Sprint EVO 4G Sluggish in Northwest

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Oregon State Capital Building
The Oregon State Capital Building in Salem, Oregon.
On Friday afternoon, I drove 45 miles south from Portland to the Oregon state capital, Salem. Leaving Portland I noted that the EVO 4G continued to pick up a strong 4G signal as I moved south toward Salem. I continued checking and found that 4G was available on the freeway for nearly 20 miles outside Portland. In one location, the phone clocked one of the highest 4G speeds of any of my tests (almost 3 mbps). As I drove, I clicked on the high-resolution YouTube video and observed that its quality, while not quite HD, was as good as that of any streamed video I’d seen in the previous two days. I continued to pick up the 4G signal until I was about halfway to Salem.

The Sprint GPS service running on the EVO 4G took me directly to city center, to the Oregon State Capital building, where I parked the car and began testing. I had begun connecting with 4G service shortly after I got off the freeway and headed into town. When I parked the car it was still on, and the Overdrive hotspot established a 4G connection immediately. Unfortunately, the speeds weren’t very impressive. The EVO 4G connected at a download speed of 1.5 mbps--a good speed for 3G, but pedestrian for 4G. The Overdrive didn’t do much better: Its downlink speed was about 1.8 mbps.

Salem Map
My testing locations in Salem, Oregon (from left to right): State Capital Building, Salem Airport, Oregon State Hospital.
Elsewhere in Salem, I had less success connecting the EVO to 4G. First I drove across town to the Oregon State Hospital, but couldn't connect the EVO 4G to the 4G network even after turning 4G off and on in the phone’s settings (this trick had worked before). Oddly, the Overdrive couldn't connect with 4G either. Abandoning that test location, I drove to a Kmart parking lot near the Salem Airport, where I succeeded in connecting the EVO to 4G, but only after walking around the parking lot, turning the phone’s 4G radio on and off. The Overdrive connected immediately at the airport. But again, the download speeds I saw were unimpressive: 970 kbps (not quite 1 mbps) on the EVO, and 1.5 mpbs on the Overdrive.

Predictably, the high-quality YouTube video I watched in Salem wasn’t perfect. Though the video was watchable at both the State Capital and the Airport locations, I noticed some minor artifacting and jitter--not enough to ruin the experience, but lacking the smooth, fluid look of HD video.

Surprisingly, at both of the 4G locations in Salem, the Qik live video app worked better than it did in most of my other Pacific Northwest city test locations. The live video stream (shot from the EVO phone) popped up on the Qik site (on my 4G-connected laptop) after only about 3 or 4 seconds. At the capitol building, the delay after the video began streaming was only about 3 to 4 seconds, which ranked as one of the best performances I saw from the Qik app anywhere in the Northwest. With that short a delay time, I could almost imagine what viable video conferencing might be like in 4G--but it was still a stretch. At the Salem airport, the delay between the live video and its display on the site lengthened to 7 or 8 seconds.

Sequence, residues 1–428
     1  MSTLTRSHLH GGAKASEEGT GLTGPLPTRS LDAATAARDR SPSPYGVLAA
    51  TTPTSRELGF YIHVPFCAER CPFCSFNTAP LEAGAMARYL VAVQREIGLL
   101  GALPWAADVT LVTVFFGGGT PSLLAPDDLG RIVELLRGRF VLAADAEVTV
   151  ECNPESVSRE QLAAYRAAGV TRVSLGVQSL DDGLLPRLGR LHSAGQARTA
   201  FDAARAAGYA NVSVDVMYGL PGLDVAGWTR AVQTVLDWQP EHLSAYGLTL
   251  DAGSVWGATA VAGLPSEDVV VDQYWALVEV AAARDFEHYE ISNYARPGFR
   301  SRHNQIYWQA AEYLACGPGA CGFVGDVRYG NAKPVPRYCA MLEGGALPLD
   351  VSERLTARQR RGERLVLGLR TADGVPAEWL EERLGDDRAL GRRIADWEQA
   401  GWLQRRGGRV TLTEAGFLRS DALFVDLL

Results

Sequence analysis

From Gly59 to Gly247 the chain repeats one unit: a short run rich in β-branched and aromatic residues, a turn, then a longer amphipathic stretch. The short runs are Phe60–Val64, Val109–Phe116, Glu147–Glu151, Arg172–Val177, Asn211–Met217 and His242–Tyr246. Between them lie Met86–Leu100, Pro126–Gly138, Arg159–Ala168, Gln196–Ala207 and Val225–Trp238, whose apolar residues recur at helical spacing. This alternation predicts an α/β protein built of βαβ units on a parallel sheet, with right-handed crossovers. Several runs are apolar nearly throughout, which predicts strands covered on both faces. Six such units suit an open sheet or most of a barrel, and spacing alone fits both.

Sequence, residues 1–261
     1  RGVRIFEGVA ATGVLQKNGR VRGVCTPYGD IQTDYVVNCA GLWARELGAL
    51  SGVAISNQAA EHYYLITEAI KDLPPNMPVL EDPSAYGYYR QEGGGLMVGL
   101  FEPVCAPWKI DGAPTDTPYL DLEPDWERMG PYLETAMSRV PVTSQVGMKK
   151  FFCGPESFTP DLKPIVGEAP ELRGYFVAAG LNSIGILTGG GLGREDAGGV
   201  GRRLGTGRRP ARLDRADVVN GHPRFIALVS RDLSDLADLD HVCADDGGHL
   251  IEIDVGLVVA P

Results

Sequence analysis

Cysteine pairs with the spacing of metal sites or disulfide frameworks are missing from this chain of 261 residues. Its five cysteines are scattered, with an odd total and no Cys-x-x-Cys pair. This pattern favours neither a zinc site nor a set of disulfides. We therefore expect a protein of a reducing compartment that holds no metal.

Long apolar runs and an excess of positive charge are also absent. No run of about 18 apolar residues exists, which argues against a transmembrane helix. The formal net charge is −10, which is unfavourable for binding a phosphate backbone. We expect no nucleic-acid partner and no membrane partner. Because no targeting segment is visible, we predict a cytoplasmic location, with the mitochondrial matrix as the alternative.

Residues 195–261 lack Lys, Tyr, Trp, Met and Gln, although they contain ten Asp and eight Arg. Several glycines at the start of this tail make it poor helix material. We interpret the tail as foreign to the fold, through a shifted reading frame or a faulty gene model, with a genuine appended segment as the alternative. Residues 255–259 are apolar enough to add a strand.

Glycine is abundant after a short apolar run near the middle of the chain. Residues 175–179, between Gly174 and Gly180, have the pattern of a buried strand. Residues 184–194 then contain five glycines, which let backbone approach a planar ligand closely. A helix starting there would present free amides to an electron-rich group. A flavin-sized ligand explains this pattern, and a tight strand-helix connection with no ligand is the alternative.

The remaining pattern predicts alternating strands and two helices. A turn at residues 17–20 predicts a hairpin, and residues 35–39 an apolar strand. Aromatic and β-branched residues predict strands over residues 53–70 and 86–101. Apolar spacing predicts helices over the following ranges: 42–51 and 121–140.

At both Salem locations, the Layar app registered nearby eateries--with directory information--after a few seconds of delay. Searching for nearby tweeters, the app needed a few seconds to detect them (displaying them as blue bubbles on the horizon), and then another few seconds to display their profile pictures.

Day-Two Conclusions

Many people in the media have been waiting for the release of the “first 4G phone.” We were thrilled at the look and feel of the HTC EVO 4G phone when it stole the show at CTIA this year, and we hoped that this powerful phone running on the first available 4G network (Clearwire) would represent a quantum leap forward in mobile computing.

Alas, after two days of using the phone in 4G country in the Northwest, I have the sense that the great phone is still looking for a great network. The Clearwire 4G network is definitely faster than the Sprint 3G network, but my tests suggest that it’s not 10 times as fast, nor as fast as advertised, nor fast enough to usher in a new wave of high-bandwidth mobile apps (such as videoconferencing). At this point anyway, the 4G signal will merely make the apps you already use in 3G run marginally faster. No revolution here yet.

Stay tuned for the final article in this series, which will explore the specific connection speeds I recorded on the EVO during my two days in the Northwest.

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